NEW YORK (Reuters) - A new exhibition, the first major show in New York of works by Edouard Vuillard for more than 20 years, reveals the life of the French artist and reappraises the significance of his 20th century work.
“Edouard Vuillard, A Painter and his Muses, 1890-1940,” which opens at The Jewish Museum on May 4 and runs through September 23, includes 50 key paintings, as well as prints, photographs and documents.
A quarter of the paintings have never been exhibited publicly in America before.
Vuillard’s artistic career began in La Belle Epoque from 1890 to the end of World War One, and ended with the German occupation of France. His focus was the acute observation of society.
“This is one of those shows that has points of interest for a wide audience. One really can’t understand France in the first half of the 20th century without having some knowledge of Vuillard’s portraiture,” said Stephen Brown, assistant curator at The Jewish Museum.
Brown said there was also tremendous interest in Vuillard as part of a more inclusive reappraisal of how people think about the 20th century and art.
Vuillard is best known for the paintings and prints he did in the last decade of the 1800s when he was part of an avant-garde group of artists known as the Nabis, which means prophets in Hebrew or the enlightened in Arabic.
Two works in the exhibit from his Nabi period are “Woman in a Striped Dress, from The Album,” done in 1895, and “Misia and Vallotton at Villeneuve,” completed four years later.
Brown said Vuillard’s work after 1900 was frequently viewed as a retreat into conservatism. Although he worked during a period that spanned Impressionism, Cubism, Expressionism and abstraction, the artist remained committed to the techniques and subjects of his youth.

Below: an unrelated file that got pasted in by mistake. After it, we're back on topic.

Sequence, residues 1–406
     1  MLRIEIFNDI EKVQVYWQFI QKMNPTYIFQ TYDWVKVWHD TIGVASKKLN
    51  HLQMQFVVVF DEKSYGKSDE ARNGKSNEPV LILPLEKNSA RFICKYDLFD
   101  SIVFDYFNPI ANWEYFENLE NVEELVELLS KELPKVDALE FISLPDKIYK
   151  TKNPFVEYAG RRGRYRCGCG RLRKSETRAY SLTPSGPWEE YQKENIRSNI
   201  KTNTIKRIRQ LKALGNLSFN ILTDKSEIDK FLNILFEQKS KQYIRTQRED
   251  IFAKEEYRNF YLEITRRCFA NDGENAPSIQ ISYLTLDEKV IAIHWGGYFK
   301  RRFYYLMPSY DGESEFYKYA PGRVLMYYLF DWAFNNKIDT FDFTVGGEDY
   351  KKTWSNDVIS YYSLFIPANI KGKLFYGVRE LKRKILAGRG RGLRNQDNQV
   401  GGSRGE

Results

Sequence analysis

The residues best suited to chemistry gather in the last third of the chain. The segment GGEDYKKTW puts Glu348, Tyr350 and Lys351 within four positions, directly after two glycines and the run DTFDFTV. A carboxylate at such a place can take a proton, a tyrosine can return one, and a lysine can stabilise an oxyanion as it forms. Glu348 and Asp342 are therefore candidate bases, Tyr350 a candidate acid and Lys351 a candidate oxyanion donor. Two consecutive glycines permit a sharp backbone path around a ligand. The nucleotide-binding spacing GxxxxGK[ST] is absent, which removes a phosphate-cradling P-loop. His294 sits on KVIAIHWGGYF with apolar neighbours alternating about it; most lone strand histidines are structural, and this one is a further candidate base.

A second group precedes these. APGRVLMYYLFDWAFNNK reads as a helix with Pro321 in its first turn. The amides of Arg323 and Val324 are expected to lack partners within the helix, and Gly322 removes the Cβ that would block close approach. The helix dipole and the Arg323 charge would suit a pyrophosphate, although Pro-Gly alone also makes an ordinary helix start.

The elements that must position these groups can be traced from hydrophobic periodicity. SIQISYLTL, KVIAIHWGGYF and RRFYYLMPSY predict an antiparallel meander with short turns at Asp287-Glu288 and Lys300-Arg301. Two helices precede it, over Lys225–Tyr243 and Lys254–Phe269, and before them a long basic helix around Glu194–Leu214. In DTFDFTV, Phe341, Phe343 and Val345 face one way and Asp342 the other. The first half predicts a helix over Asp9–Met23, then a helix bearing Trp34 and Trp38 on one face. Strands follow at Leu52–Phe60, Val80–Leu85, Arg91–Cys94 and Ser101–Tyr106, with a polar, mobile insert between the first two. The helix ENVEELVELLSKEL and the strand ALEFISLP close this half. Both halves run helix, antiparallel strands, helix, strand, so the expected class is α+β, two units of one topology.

“Vuillard’s visual language developed from many different sources and his style and approach was quite varied. Sometimes he painted something just because he loved to do it on a spontaneous level and in other works he searched for that finished perfection, such as the Bloch family portrait, ‘Madame Jean Bloch and Her Children,’ which is being shown in the United States for the first time,” Brown said.
The exhibit also explores the crucial role Vuillard’s patrons, dealers and muses played in his life and art. His supporters, most of whom were Jewish, provided artistic inspiration and financial support and he painted them in their environments.
Although Vuillard’s paintings of domestic interiors are striking, his portraits often capture the interior of the person as well as the room in which he or she sits.
Art dealer Sam Salz, who became a conduit for Vuillard in the United States, is depicted in a striking pastel work, done in 1939, called “Portrait of Sam Salz.”
In the painting “Luncheon at Les Clayes, 1935-38,” Vuillard’s sense of scale and free, energetic execution celebrate a world in which society and art are one.
Vuillard’s supporters included the Natanson brothers, founders and editors of the culture journal “La Revue Blanche.” Composer Claude Debussy, poets Paul Verlaine and Guillaume Apollinaire and the writer Marcel Proust were among its contributors.
Like artists Pierre Bonnard and Henri de Toulouse-Lautrec, Vuillard spent summers at the home of Thadee and Misia Natanson where he developed an intense, romantic attachment to Misia.
But while Misia Natanson remained a friend, Vuillard’s relationship with Lucy Hessel, the wife of his patron Jos Hessel, developed into a liaison that lasted for about 40 years, until his death.
Lucy Hessel became the favored subject of many of his works and she appears in 10 of the works in the exhibit.
Reporting By Ellen Freilich; editing by Patricia Reaney